Economic Diversity in Angola
The volatility of oil production is recognized as a threat to the sustainable development of the Angolan economy. This highlighted the need to accelerate the GoA’s economic diversification agenda, which aims to develop and grow the non-oil sectors and reduce the importance of and reliance on petroleum products.
ACP’s investment objectives in response to the challenge of economic diversification in Angola is to stimulate the growth of non-oil sectors in the Angolan economy. To achieve the above outcomes, ACP invested in the printing and media sector through Special Edition Holding. The Special Edition group of companies provide integrated media products and services including outdoor media, large format digital printing, advertising and promotions, media buying, events management and media materials manufacturing. Through its advertising, brand awareness campaigns and events businesses, the company creates critical exposure to businesses to reflect their unique products or services in a professional and innovative way. The innovative and creative approach to advertising lays a strong relational foundation and creates momentum for future growth through repeat business. Big Media, the largest entity in the Special Edition group, provides more than 1,000 outdoor, printing and specialist services per annum, which equates to more than 6,000 services during the investment period.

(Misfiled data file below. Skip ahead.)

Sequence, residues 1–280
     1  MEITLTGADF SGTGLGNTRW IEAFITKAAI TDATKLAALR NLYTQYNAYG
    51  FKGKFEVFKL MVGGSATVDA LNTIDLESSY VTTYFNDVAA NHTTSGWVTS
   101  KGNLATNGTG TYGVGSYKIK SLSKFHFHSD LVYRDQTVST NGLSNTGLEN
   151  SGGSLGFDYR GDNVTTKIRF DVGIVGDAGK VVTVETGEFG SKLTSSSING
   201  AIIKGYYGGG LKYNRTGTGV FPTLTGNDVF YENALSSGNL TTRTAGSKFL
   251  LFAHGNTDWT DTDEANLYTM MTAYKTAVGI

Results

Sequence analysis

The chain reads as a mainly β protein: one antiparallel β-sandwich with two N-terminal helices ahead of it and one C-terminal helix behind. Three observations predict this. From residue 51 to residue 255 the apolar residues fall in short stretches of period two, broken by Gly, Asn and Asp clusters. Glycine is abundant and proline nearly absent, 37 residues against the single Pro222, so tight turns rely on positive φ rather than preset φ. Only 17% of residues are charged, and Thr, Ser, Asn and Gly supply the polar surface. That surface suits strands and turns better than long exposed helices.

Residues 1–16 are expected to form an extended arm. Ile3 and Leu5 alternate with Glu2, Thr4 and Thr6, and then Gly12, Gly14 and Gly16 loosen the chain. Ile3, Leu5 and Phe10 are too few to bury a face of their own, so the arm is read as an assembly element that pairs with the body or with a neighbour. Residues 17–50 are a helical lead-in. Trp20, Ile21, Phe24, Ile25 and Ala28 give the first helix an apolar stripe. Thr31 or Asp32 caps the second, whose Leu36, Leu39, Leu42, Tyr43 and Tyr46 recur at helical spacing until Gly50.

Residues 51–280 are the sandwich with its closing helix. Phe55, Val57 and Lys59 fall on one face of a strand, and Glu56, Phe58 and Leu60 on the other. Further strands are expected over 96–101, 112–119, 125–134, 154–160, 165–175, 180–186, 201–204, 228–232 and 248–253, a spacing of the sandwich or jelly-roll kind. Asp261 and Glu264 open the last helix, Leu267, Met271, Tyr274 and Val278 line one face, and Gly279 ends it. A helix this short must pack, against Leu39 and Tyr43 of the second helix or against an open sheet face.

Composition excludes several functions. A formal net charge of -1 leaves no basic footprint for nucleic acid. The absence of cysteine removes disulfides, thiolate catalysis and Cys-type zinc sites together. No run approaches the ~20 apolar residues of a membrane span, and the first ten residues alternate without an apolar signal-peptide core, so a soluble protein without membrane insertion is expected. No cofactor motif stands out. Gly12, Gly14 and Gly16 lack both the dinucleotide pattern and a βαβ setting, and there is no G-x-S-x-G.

ACP’s decision to invest was based partly on the fact that both Special Edition and Big Media offer a vast range of labour-intensive services to increase the visibility of a diverse client base. Through their services, the two companies positively contribute to increased brand awareness that leads to increased sales volumes for customers who make use of their services. Hence, both Special Edition and Big Media offer a considerable contribution to increased economic diversity within the non-oil sector.
Increased SME growth similarly has a direct effect on GDP growth due to increased output, value add and profits. The relationship between increased SME and GDP growth is touched upon in a 2008 World Bank report: “If entry, growth, innovation, equilibrium size, and risk reduction are all helped by access to and use of finance, it is almost inescapable that aggregate economic performance will also be improved”.
Support and investment in the SME sector and its consequential growth also impacts GDP indirectly, through increased innovation and macro-economic resilience of the overall economy. Finally, a stronger SME sector can bolster a country’s resilience by broadening and diversifying the domestic economy, thereby reducing the vulnerability to sector-specific shocks and fluctuations in international private capital flows .